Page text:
Round up the usual suspect cliches, the dubious documentarian will need them all by the time he has turned his camera on pallid Australia’s oppression of Aborigines. He’ll be so busy, ib fact, he may have no more than a few moments to be feted on Q&A and other ABC programs
Oh, thank God. John Pilger is on his way.
We clearly struggle with the exposure of appalling conditions in Aboriginal remote communities – which exposure has been going on for, oh, around 200 years via:
- A gigantic bibliography starting with Watkin Tench in 1793
- the pages of the Australian
- the History Wars and three massive volumes by historian Keith Windschuttle
- Peter Sutton’s magisterial The Politics of Suffering: Indigenous Australia and the end of the liberal consensus (2009)
- Helen Hughes and Mark Hughes’ policy monographs published the Centre for Independent Studies
- Quadrant Online’s Bennelong Papers website
- etc etc etc
So it’s a positive ray of sunshine to know that world-renowned journalist and filmmaker John Pilger is preparing to expose once and for all the hidden horrors of WA’s appalling treatment of Aborigines, including the high rates of incarceration and suicide.
Good old John Pilger. Where would be we be without him? Oh hang on – we’ve been without him since 1962, when he decided to live in the UK. This might explain why he devoted most of this recent Guardian article to exposing the horrors of Aboriginal incarceration on Rottnest Island in the Aboriginal prison there.
If you’ve been to Rottnest in the last 100 years and wondered why you never saw any chain gangs, it’s because the prison operated from 1838 to 1904. There was a Royal Commission into the prison in 1883 which condemned it and recommended its closure. But this must be quite a recent Australian memory for John Pilger.
Just think how we could have languished, never knowing that things were so bad among Aboriginal people, if it wasn’t for Pilger’s courageous and resolute decision to fly all the way over here in business class with his film company to make a documentary for Britain’s incisive and balanced ITV. (This would be the same ITV that brought you classics like Britain’s Got Talent, The Only Way is Essex, and Downton Abbey, which is The Only Way Is Essex set in the 1910-1930 period.)
Pilger’s documentary will be called Utopia. Geddit? Geddit? Utopia is an imaginary place where everything is perfect. And of course, things here in WA aren’t perfect for Aboriginal people. It takes a special kind of world-renowned journalist and filmmaker to come up with something as snappy as that.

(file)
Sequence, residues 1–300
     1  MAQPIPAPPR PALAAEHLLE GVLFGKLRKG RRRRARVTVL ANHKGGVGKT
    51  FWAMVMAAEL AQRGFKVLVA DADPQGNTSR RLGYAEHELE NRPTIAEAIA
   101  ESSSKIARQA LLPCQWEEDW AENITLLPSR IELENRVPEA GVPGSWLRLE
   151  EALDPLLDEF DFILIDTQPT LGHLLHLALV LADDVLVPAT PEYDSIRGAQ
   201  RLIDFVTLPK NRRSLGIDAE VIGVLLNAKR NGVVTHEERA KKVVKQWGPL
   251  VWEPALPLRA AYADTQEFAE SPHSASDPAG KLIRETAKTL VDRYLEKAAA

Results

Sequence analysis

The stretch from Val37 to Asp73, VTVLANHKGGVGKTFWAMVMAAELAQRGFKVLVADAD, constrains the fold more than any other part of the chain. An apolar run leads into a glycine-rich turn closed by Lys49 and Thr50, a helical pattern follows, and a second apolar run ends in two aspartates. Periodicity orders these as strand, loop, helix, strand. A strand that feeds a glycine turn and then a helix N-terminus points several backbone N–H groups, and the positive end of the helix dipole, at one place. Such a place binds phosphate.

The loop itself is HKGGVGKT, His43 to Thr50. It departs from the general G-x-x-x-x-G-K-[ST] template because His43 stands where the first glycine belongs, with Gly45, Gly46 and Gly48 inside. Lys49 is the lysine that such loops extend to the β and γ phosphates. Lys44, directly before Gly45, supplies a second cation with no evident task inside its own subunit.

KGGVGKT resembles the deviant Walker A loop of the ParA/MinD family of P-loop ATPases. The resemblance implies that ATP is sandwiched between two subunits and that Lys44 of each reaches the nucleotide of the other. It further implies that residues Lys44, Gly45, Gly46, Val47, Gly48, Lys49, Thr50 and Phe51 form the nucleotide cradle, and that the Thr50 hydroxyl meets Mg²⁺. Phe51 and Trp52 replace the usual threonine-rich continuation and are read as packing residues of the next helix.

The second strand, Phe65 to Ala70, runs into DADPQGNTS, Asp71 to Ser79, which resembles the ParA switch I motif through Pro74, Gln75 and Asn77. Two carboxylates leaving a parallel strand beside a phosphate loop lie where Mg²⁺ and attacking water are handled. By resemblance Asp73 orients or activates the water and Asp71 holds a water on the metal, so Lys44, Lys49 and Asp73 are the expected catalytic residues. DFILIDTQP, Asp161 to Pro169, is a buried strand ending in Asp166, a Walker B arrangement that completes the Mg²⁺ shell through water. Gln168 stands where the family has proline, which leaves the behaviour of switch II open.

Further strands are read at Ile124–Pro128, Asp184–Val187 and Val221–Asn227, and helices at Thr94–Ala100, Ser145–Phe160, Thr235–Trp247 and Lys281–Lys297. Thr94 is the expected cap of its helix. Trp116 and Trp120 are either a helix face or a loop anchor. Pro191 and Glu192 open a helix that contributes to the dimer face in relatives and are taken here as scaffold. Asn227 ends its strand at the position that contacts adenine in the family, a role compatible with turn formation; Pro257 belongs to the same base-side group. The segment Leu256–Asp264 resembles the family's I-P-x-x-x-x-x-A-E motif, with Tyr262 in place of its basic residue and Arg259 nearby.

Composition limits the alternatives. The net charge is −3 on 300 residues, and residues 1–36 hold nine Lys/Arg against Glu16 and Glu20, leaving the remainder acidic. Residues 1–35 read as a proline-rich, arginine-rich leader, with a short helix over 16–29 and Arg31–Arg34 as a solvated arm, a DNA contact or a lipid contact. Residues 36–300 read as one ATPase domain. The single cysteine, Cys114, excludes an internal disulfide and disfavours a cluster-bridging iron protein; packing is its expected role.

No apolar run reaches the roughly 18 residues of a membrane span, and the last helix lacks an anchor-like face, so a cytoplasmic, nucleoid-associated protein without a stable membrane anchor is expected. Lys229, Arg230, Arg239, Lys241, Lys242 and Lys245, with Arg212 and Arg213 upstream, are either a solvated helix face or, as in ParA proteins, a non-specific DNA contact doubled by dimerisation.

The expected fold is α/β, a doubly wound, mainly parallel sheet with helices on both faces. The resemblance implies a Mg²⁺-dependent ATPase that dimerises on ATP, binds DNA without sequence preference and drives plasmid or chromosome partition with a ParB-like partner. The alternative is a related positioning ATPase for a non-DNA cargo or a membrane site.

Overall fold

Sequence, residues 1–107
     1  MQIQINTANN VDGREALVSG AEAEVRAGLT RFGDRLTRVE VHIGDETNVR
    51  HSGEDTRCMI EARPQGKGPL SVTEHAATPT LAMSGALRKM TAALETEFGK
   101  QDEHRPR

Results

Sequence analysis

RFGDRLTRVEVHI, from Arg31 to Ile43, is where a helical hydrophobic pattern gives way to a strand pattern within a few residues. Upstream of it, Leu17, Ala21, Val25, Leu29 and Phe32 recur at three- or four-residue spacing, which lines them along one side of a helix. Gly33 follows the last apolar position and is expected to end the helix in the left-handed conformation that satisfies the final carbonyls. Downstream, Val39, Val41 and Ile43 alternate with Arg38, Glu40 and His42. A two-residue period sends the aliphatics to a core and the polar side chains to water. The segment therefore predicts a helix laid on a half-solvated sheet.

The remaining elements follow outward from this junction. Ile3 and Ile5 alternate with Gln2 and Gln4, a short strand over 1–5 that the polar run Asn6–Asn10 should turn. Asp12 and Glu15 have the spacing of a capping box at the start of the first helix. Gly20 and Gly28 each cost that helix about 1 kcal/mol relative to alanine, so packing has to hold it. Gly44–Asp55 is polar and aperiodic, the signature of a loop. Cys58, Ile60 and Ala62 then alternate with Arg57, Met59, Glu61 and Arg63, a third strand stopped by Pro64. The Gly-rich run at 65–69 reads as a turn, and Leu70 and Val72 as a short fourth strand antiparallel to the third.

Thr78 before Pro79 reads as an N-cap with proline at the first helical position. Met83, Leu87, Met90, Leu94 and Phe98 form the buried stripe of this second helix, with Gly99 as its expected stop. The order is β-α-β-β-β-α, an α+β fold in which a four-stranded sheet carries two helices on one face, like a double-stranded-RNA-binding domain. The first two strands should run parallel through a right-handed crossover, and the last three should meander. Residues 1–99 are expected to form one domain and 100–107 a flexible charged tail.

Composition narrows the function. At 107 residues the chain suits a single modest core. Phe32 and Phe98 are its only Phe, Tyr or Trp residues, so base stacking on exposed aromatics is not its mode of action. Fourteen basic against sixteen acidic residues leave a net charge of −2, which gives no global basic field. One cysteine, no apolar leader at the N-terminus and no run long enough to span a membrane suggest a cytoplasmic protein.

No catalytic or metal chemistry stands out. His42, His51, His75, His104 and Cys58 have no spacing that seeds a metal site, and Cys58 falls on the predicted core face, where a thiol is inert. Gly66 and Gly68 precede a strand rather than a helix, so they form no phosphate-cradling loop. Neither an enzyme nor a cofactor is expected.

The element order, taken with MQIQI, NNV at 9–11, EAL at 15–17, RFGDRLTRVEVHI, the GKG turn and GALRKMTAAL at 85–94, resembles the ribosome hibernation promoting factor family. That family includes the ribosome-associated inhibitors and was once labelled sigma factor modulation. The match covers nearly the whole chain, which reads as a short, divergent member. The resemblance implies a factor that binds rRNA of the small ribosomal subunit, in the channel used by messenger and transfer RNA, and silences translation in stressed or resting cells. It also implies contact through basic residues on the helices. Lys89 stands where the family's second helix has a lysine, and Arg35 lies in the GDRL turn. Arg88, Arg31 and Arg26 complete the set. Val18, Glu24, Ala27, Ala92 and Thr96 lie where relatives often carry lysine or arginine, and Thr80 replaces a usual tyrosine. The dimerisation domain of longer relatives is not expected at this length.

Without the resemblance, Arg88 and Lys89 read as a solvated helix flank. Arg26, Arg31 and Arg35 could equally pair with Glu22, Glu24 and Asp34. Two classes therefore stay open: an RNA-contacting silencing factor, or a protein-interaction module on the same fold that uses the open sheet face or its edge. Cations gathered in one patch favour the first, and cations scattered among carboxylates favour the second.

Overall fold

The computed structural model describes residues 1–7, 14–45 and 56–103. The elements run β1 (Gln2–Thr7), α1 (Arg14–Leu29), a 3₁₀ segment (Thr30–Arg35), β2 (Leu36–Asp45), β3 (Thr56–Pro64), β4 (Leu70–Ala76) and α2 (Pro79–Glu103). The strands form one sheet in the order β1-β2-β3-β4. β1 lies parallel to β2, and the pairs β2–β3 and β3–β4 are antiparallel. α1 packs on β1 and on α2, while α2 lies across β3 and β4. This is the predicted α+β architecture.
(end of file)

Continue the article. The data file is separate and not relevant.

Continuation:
Pilger’s beef seems to be that mining companies don’t share their royalties with Aboriginal people, and that this is causing Aboriginal people to live in awful conditions and go to jail and commit suicide. Obviously he’s missed the point here, namely that mining companies don’t share their royalties with anyone in Australia, except their shareholders, and the people who work for them, and their families, and local communities, and reforestation projects, and arts projects, and sponsorships, and scholarships, and stuff like that. This is why they had to be taxed. It was only right to do so. And it was equally only right that this tax raise absolutely no revenue for the Federal Government. But I digress.
So I guess in Utopia we’ll be seeing Twiggy Forrest in conflict with local Aboriginal people over mining leases, but we won’t be hearing about Generation One. Maybe instead Pilger could show the James Price Point project being abandoned, along with all the potential Aboriginal benefits and employment there. I wonder if he’s going to bother even giving Marcia Langton a call – or would that not fit the primary-school narrative that’s being developed here for unquestioning British audiences?
Anyway, if he’s short of material, I’d be glad to help: Pilger can start with Tony Thomas’ recent pieces in the Bennelong Papers. Personally I would recommend he come to Fremantle. Fremantle is a great place to see disenfranchised, welfare-dependent, sick, drunk, miserable, recently-imprisoned Aboriginal people, particularly young people who seem to enjoy bashing, smoking, spitting and screaming at other people. I would love him to spend some time in Fremantle at night, preferably on a Friday, with his camera crew. (PS John – Kings Square is a good place to start. Just don’t leave anything lying around.)
Philippa Martyr blogs at Transverse City.